One Year Does Little to Erase Pain of Flood Loss - KFVS12 News & Weather Cape Girardeau, Carbondale, Poplar Bluff

One Year Does Little to Erase Pain of Flood Loss

In 2002, it wasn’t just tornadoes that swept through the Heartland. 

After days of heavy rain, rivers and creeks began to rise in early May.  On May 12th, the rising water gave way to flash flooding, sending folks in several towns running for high ground.  When it was over, the floods had claimed the lives of three people, including an Ironton man.

Forty-three year old Chuck Griffey had just returned home from a Mother's Day dinner with his wife and 15-year old son around 9 o’clock that Sunday night.  He was getting ready for bed, when he noticed that nearby Stouts Creek was rising fast.  What happened next would change his family's life forever.  ‘Chuck said, ‘I think we'd better get out of here,” recalls his widow, Demeta Clements-Griffey.  Demeta says she ran in the house to pack a few things, while Chuck and their son Kyle went to move the cars to higher ground.  The couple’s daughter Kassondra Yow wasn’t there at the time, but remembers what happened like it was yesterday.  “My brother had gotten up to the road and Chuck was trying to get my mom when the water came up,” she says.  Both Kyle and Demeta were safe on higher ground, while Chuck was in the low-lying yard.  “Chuck got stuck in that tree,” she points to the middle of the yard.  “And he held on as long as he could.”  “But the water finally overpowered him,” Demeta says tearfully.  “He was strong, but his strength gave out.”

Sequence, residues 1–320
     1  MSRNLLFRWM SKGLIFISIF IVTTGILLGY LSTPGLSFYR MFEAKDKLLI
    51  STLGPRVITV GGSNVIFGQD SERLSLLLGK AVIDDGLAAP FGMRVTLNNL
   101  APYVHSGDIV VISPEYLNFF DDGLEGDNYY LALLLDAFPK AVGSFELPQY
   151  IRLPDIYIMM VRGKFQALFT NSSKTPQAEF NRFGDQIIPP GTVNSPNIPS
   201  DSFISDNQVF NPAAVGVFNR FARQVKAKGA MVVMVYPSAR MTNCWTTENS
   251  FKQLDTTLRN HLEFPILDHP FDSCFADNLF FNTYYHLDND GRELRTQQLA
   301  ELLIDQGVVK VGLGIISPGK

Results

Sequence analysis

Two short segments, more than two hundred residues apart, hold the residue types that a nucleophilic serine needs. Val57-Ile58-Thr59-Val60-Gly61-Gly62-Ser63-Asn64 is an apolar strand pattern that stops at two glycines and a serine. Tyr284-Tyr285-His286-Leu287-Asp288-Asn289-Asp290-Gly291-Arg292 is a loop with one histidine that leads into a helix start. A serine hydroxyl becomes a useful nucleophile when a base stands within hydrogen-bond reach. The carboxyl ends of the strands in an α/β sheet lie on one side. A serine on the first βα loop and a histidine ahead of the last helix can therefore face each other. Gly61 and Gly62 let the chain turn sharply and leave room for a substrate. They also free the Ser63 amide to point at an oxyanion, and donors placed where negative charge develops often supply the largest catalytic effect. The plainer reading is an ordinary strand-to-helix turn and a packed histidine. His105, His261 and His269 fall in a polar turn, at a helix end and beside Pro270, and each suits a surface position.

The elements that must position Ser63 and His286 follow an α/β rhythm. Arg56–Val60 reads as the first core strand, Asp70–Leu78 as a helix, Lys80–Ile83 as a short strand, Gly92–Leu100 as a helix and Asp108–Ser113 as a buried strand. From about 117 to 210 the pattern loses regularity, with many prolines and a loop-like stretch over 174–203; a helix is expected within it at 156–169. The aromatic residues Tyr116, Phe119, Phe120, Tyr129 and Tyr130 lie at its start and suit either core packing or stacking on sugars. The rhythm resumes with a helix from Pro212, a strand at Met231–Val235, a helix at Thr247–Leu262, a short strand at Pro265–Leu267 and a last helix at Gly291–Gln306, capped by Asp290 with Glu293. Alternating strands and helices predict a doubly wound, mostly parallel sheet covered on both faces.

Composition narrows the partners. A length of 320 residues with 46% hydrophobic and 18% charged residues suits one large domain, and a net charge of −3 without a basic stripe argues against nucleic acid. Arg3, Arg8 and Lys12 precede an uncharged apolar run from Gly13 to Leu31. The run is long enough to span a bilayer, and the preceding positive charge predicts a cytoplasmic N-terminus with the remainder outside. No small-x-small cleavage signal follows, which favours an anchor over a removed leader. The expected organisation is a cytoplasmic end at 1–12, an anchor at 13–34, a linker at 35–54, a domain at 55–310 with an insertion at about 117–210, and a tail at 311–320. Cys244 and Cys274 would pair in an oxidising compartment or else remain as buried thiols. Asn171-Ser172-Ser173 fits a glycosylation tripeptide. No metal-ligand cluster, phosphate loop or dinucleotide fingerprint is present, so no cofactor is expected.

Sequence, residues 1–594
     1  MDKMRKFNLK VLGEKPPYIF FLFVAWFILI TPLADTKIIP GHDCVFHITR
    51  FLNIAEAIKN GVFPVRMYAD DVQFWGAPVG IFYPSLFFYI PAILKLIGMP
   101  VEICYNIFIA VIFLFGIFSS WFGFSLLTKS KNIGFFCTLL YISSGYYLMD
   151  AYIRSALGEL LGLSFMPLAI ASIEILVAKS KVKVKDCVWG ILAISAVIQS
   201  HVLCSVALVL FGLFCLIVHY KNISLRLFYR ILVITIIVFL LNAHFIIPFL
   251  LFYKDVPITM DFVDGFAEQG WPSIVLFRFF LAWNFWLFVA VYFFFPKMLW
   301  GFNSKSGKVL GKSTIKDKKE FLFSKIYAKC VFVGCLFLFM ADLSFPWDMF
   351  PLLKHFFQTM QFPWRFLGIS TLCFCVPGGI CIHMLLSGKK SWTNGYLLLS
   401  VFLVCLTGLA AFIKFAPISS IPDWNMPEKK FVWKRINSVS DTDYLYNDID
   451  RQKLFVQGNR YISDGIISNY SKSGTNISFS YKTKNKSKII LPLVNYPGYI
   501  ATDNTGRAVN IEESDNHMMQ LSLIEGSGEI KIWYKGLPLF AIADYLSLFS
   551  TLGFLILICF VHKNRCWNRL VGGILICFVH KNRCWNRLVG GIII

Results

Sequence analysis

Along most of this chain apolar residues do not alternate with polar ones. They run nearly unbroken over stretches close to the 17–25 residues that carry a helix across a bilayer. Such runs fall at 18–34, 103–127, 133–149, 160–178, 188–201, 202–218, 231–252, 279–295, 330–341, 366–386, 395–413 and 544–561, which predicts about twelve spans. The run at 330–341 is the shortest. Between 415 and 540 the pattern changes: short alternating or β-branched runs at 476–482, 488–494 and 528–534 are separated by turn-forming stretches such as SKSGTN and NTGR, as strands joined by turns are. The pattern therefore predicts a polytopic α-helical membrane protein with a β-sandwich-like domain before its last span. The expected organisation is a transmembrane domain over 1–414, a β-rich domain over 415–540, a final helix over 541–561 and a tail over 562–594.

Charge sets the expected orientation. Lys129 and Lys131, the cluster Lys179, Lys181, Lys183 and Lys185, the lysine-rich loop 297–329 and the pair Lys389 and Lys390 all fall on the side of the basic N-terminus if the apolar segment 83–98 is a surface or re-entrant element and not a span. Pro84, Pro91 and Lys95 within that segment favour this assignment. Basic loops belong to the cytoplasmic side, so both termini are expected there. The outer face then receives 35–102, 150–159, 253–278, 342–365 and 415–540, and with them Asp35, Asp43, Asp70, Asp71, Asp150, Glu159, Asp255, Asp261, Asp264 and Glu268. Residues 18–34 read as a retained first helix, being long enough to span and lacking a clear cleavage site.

Chuck Griffey died the way his family says he always lived:  trying to help people.  “He was trying to save my mom and my brother, but he would have done it for a complete stranger,” says Kassondra.  “He was just that kind of person.  He was one of the best people I ever knew.”  Demeta says hundreds of people showed up at the funeral to say goodbye to Chuck, who worked for the city of Arcadia.  “He was a great guy. He was liked by everybody,” she says proudly.  “You couldn’t ask for a nicer guy.”

Not long after he’d been swept away, a neighbor found Griffey's body a few hundred feet downstream. That recovery only took a few hours, but recovery for Griffey's family is a process that's still going on today.  Unfortunately, financial help has been hard to come by for Chuck Griffey's widow, who not only lost her husband, but also her home and most of her belongings. She says the Red Cross and the Federal Emergency Management Agency helped with Chuck's funeral expenses, but that's about all the help FEMA could offer.  “If you live in a flood area and you can't afford flood insurance, they told her they don't help people like that,” relays Kassondra.  “They'll help you find a place to stay while they fix your house, but they don't do any more than that.”

Demeta and Kyle were forced to abandon their damaged trailer after the flood, and moved in with Kassondra and her family.  In fact, they say they’ve only been back to their former home a few times since Chuck died.  Sadly, they mention that looters stole some of the few salvageable possessions they had left at the home. 

And one year later, Demeta and her four kids are still dealing with a flood of emotions…a flood that rises anytime they think about Chuck.  “It's a lot to lose him like this…one second he's fine, and the next he's gone,” Demeta explains.  “And then to lose everything you ever had in your life…my kids' baby pictures, and everything, gone.”  She shakes her head, at a loss to explain her emotions.  But Kassondra says the family is optimistic that they’ll continue to recover, one day at a time.  “It’s really hard,” she tells Heartland News.  “But everyone’s getting a lot better.” 

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